Autism spectrum disorders (ASDs) are pervasive neurodevelopmental conditions that often involve mutations affecting synaptic mechanisms. Recently, the involvement of cerebellum in ASDs has been suggested, but the underlying functional alterations remained obscure. We investigated single-neuron and microcircuit properties in IB2 (Islet Brain-2) KO mice of either sex. The IB2 gene (chr22q13.3 terminal region) deletion occurs in virtually all cases of Phelan-McDermid syndrome, causing autistic symptoms and a severe delay in motor skill acquisition. IB2 KO granule cells showed a larger NMDA receptor-mediated current and enhanced intrinsic excitability, raising the excitatory/inhibitory balance. Furthermore, the spatial organization of granular layer responses to mossy fibers shifted from a "Mexican hat" to a "stovepipe hat" profile, with stronger excitation in the core and weaker inhibition in the surround. Finally, the size and extension of long-term synaptic plasticity were remarkably increased. These results show for the first time that hyperexcitability and hyperplasticity disrupt signal transfer in the granular layer of IB2 KO mice, supporting cerebellar involvement in the pathogenesis of ASD.

Hyperexcitability and Hyperplasticity Disrupt Cerebellar Signal Transfer in the IB2 KO Mouse Model of Autism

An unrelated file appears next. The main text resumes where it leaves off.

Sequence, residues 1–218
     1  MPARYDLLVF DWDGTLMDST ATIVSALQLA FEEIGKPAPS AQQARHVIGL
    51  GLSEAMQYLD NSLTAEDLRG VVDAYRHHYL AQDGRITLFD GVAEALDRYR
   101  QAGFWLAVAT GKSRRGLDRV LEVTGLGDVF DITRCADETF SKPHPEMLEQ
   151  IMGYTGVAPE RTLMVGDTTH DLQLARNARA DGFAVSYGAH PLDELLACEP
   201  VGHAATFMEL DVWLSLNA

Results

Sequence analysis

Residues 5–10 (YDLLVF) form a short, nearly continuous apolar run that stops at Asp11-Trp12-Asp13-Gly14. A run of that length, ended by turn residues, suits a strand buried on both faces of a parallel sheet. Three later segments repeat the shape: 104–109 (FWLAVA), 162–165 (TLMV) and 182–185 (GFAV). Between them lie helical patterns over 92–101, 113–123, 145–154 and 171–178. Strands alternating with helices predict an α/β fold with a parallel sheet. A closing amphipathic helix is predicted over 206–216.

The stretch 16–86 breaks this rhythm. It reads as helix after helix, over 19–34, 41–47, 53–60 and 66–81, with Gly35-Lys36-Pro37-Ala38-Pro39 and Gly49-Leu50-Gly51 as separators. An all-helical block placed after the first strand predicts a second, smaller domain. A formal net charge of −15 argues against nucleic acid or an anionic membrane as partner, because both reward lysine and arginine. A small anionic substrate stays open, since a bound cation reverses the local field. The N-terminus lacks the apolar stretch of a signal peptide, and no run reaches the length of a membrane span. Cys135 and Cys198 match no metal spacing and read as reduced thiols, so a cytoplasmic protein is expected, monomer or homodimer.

Soda, Teresa;
2019-01-01

Abstract

Autism spectrum disorders (ASDs) are pervasive neurodevelopmental conditions that often involve mutations affecting synaptic mechanisms. Recently, the involvement of cerebellum in ASDs has been suggested, but the underlying functional alterations remained obscure. We investigated single-neuron and microcircuit properties in IB2 (Islet Brain-2) KO mice of either sex. The IB2 gene (chr22q13.3 terminal region) deletion occurs in virtually all cases of Phelan-McDermid syndrome, causing autistic symptoms and a severe delay in motor skill acquisition. IB2 KO granule cells showed a larger NMDA receptor-mediated current and enhanced intrinsic excitability, raising the excitatory/inhibitory balance. Furthermore, the spatial organization of granular layer responses to mossy fibers shifted from a "Mexican hat" to a "stovepipe hat" profile, with stronger excitation in the core and weaker inhibition in the surround. Finally, the size and extension of long-term synaptic plasticity were remarkably increased. These results show for the first time that hyperexcitability and hyperplasticity disrupt signal transfer in the granular layer of IB2 KO mice, supporting cerebellar involvement in the pathogenesis of ASD.
2019
NMDA receptor
autism
cerebellum
excitatory/inhibitory balance
hyperplasticity
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Utilizza questo identificativo per citare o creare un link a questo documento: https://hdl.handle.net/20.500.12317/89828
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